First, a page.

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Author: Dr Amanda Oakley, Dermatologist, Hamilton, New Zealand,1997.
Dermographism is an exaggerated wealing tendency when the skin is stroked. It is the commonest form of physical or chronic inducible urticaria. It is also called dermatographism, dermatographia and dermatographic urticaria.
In 25–50% of normal people firm stroking of the skin produces first a white line, then a red line, then slight swelling down the line of the stroke, and a mild red flare in the surrounding skin. In 5% of the population, this response is exaggerated enough to be called dermographism. In only a minority of these does it cause any symptoms.
The exact cause of dermographic urticaria is unknown. Histamine is the main chemical released by mast cells when the skin is stroked, but other chemical mediators may also be involved.
Some patients with severe dermographism may carry an autoantibody to some unknown cutaneous protein.
Dermographism can appear at any age, including children, but it is most common in young adults.
People with dermographism are usually otherwise healthy.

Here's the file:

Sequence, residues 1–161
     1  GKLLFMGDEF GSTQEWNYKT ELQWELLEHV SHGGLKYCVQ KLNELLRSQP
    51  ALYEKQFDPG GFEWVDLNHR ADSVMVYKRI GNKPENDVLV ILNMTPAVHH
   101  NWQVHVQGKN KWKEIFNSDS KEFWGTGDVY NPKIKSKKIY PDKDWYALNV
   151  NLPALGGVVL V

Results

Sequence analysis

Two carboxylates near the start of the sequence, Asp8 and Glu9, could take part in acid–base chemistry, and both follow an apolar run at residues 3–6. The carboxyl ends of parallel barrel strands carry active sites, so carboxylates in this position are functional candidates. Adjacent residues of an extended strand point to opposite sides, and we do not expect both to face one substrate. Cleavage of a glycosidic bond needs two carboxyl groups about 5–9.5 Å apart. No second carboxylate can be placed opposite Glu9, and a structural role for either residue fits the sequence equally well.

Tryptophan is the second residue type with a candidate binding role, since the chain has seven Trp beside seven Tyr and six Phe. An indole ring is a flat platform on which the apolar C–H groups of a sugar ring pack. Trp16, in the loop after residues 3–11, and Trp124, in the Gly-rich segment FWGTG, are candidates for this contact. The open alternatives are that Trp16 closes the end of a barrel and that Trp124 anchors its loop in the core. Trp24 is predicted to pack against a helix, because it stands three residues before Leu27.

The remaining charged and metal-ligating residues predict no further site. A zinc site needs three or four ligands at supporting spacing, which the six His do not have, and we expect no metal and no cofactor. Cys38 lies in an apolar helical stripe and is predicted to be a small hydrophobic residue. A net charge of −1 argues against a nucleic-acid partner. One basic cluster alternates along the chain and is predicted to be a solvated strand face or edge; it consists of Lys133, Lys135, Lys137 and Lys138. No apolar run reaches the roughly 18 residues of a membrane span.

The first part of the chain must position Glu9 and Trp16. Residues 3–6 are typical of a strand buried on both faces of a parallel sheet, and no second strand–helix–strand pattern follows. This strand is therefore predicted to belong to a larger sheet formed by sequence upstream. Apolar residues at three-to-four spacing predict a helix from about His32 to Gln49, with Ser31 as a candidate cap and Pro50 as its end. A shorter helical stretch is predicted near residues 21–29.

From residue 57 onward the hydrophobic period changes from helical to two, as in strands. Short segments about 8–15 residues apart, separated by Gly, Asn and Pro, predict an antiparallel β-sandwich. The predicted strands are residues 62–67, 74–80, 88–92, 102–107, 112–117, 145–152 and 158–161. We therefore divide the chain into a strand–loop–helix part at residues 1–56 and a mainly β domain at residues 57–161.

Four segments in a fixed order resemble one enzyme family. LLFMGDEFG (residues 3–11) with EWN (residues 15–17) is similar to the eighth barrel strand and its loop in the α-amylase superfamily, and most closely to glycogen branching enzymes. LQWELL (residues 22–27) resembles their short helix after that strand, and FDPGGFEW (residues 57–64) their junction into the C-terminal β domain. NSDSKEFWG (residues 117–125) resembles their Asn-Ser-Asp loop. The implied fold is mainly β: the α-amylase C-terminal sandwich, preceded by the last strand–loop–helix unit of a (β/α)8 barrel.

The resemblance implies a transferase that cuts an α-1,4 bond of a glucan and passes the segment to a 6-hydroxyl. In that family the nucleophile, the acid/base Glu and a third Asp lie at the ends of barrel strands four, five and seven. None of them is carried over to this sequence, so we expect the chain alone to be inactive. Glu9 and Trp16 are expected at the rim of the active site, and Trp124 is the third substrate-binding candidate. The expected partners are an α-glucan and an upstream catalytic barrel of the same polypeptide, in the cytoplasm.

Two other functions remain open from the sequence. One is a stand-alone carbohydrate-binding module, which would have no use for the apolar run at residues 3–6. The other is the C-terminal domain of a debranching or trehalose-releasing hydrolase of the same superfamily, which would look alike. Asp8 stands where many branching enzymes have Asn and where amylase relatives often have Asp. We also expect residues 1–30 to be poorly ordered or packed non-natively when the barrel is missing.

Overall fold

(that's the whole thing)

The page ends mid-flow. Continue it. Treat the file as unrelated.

The onset of dermographism is usually gradual, but in some, the condition develops over a few days. Aggravating factors may include:
Once a few weals develop, subsequent scratching readily starts others in the vicinity.
General measures include avoiding the stimuli that set off bouts of itch, where possible. For example:
Antihistamines usually give good relief from symptoms. Non-sedating options include:
Antihistamines may need to be continued daily for at least several months; intermittent therapy is of less value.
Dermographism may also respond to phototherapy.
Dermographism may last for months or go on indefinitely. In many patients, however, it clears within a year or two, or at least the wealing is reduced to a degree which no longer causes significant symptoms.
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